Saturday's equinox made it official. Spring is in the air.

Saturday's equinox made it official. Spring is in the air.

Laid low for the past few weeks with a bad case of the Dreaded Gungybungus, I've spent some time pondering the inevitability of change — in between sucking on various inhalers, gobbling steroids and ingesting antibiotics.

I'll spare you the gory details of my plague, except to say I have developed a new appreciation for the miracle that is oxygen. Sadly, my African gray parrot has added several disgusting noises to her repertoire of party tricks. Gaia now gurgles like an old-time coffee percolator, wheezes like an underheated tea kettle, and has acquired a lovely cough that would put a seal's bark to shame. "Hack ... hack ... hack ... gurgle ... gasp ... wheeze ...

"Oh geeeeez!" Gaia finally spews.

Must we mock Mommy in her hour of weakness, BabyGirl?

"Hehehe," my red-tailed mimic replies.

Thankfully not all of Gaia's newest vocalizations are inspired from what she heard within the confines of our tiny riverside abode. She also has mastered a wild bird's song. A two-note slide-whistle. I think it might be a robin's call. But I'm really not certain. There's a lot of feathers flying around our parts these days.

Canada geese are pairing up, enjoying the sunshine on smooth-stone shores. Mallard couples are sneaking off into my rosebushes. Goldfinches hang from thistle feeders. Hummingbirds flit by my windows. Crows, robins and some chubby speckle-breasted bird I've yet to identify hop about on my lawn.

A pair of starlings spent last Saturday stripping old nesting material out of two birdhouses hanging within Gaia's view. Dozens of downy feathers and various lengths of twigs, all carefully gathered last spring by the house sparrows, were tossed to the winds and drifted like flotsam onto the deck.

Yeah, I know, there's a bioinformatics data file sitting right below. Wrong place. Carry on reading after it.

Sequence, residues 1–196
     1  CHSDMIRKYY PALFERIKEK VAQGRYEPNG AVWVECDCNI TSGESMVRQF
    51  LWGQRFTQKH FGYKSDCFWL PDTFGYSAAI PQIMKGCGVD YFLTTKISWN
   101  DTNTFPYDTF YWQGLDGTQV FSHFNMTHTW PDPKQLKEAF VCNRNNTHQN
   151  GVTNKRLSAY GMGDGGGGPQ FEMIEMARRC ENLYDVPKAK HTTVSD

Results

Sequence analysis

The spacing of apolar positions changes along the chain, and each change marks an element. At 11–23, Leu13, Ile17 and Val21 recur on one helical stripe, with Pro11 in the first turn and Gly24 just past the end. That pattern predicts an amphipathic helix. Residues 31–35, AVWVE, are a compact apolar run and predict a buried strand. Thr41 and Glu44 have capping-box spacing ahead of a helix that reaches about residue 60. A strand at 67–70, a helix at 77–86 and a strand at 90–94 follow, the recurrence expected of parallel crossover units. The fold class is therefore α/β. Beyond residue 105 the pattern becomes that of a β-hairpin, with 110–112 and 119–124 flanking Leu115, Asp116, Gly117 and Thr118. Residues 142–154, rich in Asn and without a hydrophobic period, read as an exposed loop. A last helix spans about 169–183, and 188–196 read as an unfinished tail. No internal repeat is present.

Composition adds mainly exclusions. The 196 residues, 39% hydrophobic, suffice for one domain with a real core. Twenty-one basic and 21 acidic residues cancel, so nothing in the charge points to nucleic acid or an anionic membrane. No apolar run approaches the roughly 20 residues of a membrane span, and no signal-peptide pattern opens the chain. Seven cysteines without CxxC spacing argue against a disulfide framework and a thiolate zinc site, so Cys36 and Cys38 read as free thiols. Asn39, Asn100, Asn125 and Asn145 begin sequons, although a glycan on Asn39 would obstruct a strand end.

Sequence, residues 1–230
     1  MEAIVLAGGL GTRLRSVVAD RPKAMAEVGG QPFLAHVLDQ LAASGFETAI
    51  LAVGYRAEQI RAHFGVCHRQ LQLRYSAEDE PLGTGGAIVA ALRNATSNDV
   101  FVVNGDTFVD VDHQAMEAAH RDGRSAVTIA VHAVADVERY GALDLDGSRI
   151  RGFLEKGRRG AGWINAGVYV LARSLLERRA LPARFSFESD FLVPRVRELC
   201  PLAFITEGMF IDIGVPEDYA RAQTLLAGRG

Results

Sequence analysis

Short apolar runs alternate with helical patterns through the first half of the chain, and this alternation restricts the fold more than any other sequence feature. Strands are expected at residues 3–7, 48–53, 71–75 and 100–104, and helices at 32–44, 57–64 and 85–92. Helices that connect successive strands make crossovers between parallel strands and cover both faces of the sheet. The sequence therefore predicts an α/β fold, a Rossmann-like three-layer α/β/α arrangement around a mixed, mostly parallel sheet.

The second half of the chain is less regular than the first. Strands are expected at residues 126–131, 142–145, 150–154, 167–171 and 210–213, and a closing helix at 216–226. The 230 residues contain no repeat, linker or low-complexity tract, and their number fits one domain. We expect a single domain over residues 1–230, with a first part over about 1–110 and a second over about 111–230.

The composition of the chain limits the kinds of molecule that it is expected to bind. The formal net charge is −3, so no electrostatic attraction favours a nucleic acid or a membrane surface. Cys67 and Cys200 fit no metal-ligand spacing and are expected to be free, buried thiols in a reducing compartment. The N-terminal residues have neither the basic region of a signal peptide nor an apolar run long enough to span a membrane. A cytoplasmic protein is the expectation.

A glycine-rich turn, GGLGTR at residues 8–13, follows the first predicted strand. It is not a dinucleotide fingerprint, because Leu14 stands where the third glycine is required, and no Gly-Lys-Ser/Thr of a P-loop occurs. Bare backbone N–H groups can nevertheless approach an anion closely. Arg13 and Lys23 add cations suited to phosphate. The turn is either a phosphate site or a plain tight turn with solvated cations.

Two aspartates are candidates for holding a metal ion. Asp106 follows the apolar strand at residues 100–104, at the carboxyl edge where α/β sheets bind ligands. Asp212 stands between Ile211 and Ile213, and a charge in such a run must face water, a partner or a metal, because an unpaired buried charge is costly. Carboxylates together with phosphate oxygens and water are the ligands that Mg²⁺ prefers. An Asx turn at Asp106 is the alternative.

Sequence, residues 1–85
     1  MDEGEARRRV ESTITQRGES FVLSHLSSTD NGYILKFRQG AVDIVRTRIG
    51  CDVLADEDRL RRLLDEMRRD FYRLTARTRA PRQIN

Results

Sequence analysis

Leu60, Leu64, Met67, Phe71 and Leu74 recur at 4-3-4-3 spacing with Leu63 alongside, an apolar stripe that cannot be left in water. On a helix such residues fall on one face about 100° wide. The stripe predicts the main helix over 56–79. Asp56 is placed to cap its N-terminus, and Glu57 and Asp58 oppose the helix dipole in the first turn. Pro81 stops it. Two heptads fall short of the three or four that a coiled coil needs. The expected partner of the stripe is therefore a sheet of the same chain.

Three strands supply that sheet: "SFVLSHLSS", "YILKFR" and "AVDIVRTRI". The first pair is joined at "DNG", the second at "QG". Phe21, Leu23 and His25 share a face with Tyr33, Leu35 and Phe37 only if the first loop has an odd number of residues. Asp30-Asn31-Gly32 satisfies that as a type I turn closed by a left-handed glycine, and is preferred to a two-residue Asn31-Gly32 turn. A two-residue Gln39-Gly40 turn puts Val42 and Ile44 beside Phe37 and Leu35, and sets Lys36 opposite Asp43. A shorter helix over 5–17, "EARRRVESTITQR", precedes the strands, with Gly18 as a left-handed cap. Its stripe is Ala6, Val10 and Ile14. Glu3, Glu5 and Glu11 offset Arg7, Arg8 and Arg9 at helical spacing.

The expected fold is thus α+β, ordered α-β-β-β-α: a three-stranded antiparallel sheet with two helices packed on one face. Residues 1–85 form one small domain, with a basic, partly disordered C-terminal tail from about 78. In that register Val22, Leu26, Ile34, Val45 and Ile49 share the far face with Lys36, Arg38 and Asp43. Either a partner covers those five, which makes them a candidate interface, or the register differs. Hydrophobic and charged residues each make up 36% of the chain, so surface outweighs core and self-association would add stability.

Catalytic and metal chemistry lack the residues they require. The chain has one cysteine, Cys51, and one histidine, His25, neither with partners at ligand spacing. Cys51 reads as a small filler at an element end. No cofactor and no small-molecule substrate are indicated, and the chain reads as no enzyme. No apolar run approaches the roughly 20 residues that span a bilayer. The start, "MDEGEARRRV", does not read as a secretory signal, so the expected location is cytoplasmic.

My parrot watched goggle-eyed and hooted with delight. I couldn't help cheering along with her. The big, bad starlings were ousting the pushy house sparrows.

Truth to tell, part of me was glad to see it. For seven years I've watched beautiful little teal and buff tree swallows raise new families in the red, hand-painted nest box that swings under my cottage's eaves. They also nested in a little green birdhouse attached to a nearby ash tree.

I love the swallows' sweet little songs, their iridescent colors, their impressive aerobatic displays. My favorite thing is sitting on the deck as the babies take their first flight. This most amazing annual event makes me laugh, cry and hold my breath all at the same time.

The chunky little sparrow monsters invaded my beloved swallows' homes two years ago. My friends tried to stand their ground. The patriarch of my favorite breed stood guard on the curving iron rod that has been his lookout post for many a spring and summer. His bride barely left the nest.

But the sparrows eventually managed to muscle out my little swallows. They tossed out nesting material. And, ultimately, they evicted the swallows' unfledged babies. It was grim and grisly.

Still, my little river-flyers didn't give up. They sneaked into the ash-tree nest box after the sparrows raised their brood and produced a final clutch of swallow babies. They also took over the large and empty wood-duck box attached to the 50-year-old poplar tree down by the river.

The wood ducks ditched the box a decade ago after I arrived with three monstrous hounds in tow. Each year I've hoped the beautiful little ducks would reconsider. But apparently no self-respecting woody wants their fuzzy little offspring to jump onto a lawn filled with slavering hairy beasts. (A strange little mallard hen did successfully nest in the crook of the Goose Tree for two years straight. But that's a story for another day.)

I was happy to see a new clutch of swallows springing from the wood ducks' former home last summer. My Sis got a great photo of three little gaping mouths lined up in the oval doorway one fine day.

I don't know which species will ultimately win this game of musical birdhouses. People have suggested I simply remove all the nest boxes in an effort to thwart the sparrows and starlings. But I don't think I will. I'm still waiting on the wood ducks. And rooting for the swallows.

Reach reporter Sanne Specht at 541-776-4497; e-mail sspecht@mailtribune.com; or follow her on Twitter at twitter.com/RogueRiverMuse.